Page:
A. Dale Kaiser
Kaiser received in 1950 his bachelor's degree from Purdue University and in 1955 his PhD from Caltech in biology. At Caltech he was in Max Delbrück's bacteriophage group and received his PhD in biology under Jean Weigle with thesis A genetic analysis of bacteriophage lambda. Kaiser was in 1956 a postdoc at the Pasteur Institute in Paris (where he worked in Francois Jacob's group) and afterward became an instructor and then in 1958 an assistant professor in microbiology at Washington University in St. Louis. In 1959 he became an assistant professor at Stanford University, where in 1966 he became a professor for biochemistry at Stanford Medical School. Since 1989 he has been there a professor for developmental biology.
Kaiser in the beginning of his career concentrated on the molecular genetics of bacteriophage lambda. He was especially concerned with the control mechanisms for lysogeny. He found one of the first examples of self-regulation of a gene (cI, the repressor gene of lambda phage) and later did pioneering work on molecular chaperones. Some of the methods developed by Kaiser's laboratory became important in genetic engineering.
In the 1970s he worked on the developmental biology of swarms of myxobacteria. In the 2000s his laboratory team did research on genetic and biochemical methods to control the swarm and propagation behavior of the bacterial species Myxococcus xanthus. When starved, the Myxococcus bacteria aggregate together to make fruiting bodies, each with approximately spores; the form of the fruiting body is species-specific. Kaiser's laboratory succeeded in the identification and molecular elucidation of the roles of a series of molecular messengers in the swarm and propagation behavior of Myxococcus.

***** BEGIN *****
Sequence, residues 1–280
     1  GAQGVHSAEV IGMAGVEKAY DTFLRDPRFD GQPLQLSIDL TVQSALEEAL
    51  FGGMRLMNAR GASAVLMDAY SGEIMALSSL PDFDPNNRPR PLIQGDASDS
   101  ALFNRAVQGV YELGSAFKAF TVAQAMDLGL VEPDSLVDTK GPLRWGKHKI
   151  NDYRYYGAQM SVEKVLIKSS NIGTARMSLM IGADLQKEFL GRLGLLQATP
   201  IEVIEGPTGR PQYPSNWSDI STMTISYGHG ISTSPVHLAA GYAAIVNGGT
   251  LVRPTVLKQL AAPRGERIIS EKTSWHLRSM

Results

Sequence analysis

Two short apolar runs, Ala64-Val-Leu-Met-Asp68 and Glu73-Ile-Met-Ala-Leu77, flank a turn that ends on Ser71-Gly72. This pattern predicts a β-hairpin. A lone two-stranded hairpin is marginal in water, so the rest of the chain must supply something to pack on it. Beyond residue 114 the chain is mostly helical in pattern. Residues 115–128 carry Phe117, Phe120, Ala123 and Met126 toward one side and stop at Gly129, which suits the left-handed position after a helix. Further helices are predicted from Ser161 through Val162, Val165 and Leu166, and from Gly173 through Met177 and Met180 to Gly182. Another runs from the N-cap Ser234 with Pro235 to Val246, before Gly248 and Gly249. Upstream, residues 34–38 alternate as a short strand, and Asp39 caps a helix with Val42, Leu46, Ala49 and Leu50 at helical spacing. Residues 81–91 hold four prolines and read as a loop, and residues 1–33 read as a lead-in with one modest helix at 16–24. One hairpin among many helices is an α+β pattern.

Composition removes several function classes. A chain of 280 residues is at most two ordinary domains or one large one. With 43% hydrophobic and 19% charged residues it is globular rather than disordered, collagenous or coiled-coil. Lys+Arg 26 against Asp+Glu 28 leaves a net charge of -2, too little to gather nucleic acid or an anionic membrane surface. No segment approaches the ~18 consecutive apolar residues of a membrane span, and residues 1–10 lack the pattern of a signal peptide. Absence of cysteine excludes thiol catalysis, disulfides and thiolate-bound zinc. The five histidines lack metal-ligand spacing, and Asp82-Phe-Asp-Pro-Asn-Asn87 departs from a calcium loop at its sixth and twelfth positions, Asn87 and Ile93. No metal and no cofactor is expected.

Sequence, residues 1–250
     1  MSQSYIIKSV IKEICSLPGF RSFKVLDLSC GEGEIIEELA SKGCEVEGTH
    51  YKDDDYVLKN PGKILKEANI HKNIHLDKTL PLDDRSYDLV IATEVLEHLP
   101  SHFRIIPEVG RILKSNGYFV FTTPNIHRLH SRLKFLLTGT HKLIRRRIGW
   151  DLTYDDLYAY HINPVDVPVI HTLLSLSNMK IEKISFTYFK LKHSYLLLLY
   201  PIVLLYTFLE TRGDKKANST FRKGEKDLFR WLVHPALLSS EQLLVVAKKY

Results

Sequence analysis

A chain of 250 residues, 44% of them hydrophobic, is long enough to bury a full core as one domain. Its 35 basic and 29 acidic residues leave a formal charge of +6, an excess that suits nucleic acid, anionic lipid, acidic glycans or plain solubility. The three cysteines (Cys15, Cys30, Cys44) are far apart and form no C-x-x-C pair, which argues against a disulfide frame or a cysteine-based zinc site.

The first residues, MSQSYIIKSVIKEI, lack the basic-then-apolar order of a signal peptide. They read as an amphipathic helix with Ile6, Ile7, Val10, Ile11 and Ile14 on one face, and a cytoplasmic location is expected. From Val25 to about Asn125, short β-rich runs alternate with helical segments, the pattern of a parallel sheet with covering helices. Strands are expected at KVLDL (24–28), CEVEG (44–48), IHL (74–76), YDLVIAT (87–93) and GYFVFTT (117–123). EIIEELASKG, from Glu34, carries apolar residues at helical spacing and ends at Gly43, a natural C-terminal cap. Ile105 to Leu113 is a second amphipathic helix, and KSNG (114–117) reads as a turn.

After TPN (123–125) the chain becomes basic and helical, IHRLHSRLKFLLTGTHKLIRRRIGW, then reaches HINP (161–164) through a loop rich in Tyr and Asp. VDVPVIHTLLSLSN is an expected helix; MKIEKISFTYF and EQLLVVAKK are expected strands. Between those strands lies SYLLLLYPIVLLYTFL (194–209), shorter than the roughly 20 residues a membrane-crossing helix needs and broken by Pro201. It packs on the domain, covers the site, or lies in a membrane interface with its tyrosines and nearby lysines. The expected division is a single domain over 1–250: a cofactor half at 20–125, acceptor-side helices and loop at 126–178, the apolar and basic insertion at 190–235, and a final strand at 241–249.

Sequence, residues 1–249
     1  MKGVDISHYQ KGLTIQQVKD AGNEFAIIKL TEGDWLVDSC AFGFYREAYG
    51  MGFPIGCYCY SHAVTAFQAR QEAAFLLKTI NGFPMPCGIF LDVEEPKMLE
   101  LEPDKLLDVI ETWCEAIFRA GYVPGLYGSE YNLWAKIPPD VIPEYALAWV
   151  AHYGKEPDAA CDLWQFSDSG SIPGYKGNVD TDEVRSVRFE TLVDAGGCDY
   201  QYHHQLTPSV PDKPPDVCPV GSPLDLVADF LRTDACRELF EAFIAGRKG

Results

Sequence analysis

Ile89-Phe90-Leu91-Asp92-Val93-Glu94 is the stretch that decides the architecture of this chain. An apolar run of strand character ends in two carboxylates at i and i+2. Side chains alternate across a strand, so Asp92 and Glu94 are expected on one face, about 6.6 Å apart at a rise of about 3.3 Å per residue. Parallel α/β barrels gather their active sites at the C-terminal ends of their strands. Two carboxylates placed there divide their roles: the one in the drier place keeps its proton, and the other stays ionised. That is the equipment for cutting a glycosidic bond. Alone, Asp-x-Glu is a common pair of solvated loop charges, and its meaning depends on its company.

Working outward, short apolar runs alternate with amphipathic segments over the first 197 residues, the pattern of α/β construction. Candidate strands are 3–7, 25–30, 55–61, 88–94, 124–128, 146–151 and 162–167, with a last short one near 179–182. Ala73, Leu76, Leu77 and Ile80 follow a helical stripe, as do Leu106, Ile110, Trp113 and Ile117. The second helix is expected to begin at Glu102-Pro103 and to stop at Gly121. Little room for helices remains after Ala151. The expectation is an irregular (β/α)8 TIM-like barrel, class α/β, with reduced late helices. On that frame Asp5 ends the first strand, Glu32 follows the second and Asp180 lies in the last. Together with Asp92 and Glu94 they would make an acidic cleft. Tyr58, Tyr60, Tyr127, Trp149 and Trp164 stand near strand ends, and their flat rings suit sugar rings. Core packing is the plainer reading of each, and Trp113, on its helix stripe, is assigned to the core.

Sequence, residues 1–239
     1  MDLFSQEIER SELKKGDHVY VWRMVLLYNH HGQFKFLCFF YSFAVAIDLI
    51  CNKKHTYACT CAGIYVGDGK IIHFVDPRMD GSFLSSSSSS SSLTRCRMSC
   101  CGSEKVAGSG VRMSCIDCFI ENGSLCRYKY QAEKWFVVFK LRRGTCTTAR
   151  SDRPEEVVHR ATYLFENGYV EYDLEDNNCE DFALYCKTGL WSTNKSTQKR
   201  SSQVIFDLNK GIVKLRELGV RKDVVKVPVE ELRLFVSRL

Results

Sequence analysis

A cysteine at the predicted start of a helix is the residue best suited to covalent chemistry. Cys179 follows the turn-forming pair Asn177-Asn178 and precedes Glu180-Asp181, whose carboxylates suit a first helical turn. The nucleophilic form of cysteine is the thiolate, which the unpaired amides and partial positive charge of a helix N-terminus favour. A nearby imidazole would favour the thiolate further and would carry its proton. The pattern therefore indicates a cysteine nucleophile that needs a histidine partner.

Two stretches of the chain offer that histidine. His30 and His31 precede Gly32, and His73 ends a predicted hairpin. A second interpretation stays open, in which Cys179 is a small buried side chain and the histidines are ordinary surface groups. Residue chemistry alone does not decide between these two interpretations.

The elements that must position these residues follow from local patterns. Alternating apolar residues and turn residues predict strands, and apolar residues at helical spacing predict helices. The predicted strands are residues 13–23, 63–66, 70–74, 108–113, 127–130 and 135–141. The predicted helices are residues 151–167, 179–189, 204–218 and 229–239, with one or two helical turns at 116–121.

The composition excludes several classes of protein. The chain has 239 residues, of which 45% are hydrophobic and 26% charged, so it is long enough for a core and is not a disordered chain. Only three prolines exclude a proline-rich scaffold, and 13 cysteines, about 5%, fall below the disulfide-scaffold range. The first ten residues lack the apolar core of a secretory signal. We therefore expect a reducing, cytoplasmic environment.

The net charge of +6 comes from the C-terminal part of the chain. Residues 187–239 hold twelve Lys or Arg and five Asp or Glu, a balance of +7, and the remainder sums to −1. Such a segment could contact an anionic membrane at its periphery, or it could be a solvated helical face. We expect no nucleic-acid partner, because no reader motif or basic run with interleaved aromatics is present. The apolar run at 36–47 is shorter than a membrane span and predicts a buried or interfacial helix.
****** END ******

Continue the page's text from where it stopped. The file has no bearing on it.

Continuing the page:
Kaiser received in 1970 the U. S. Steel Foundation Award in Molecular Biology, in 1980 the Albert Lasker Award for Basic Medical Research, in 1981 the Waterford Biomedical Science Award, in 1997 the Abbott Lifetime Achievement Award of the American Society for Microbiology and in 1991 the Thomas Hunt Morgan Medal. In 1970 he was elected a member of the National Academy of Sciences and a member of the American Academy of Arts and Sciences. In 1993 Kaiser was the president of the Genetics Society of America.
- Editor with Martin Dworkin Myxobacteria II, American Society of Microbiology 1993
- Editor with Graham C. Walker Frontiers in Microbiology, American Society of Microbiology 1993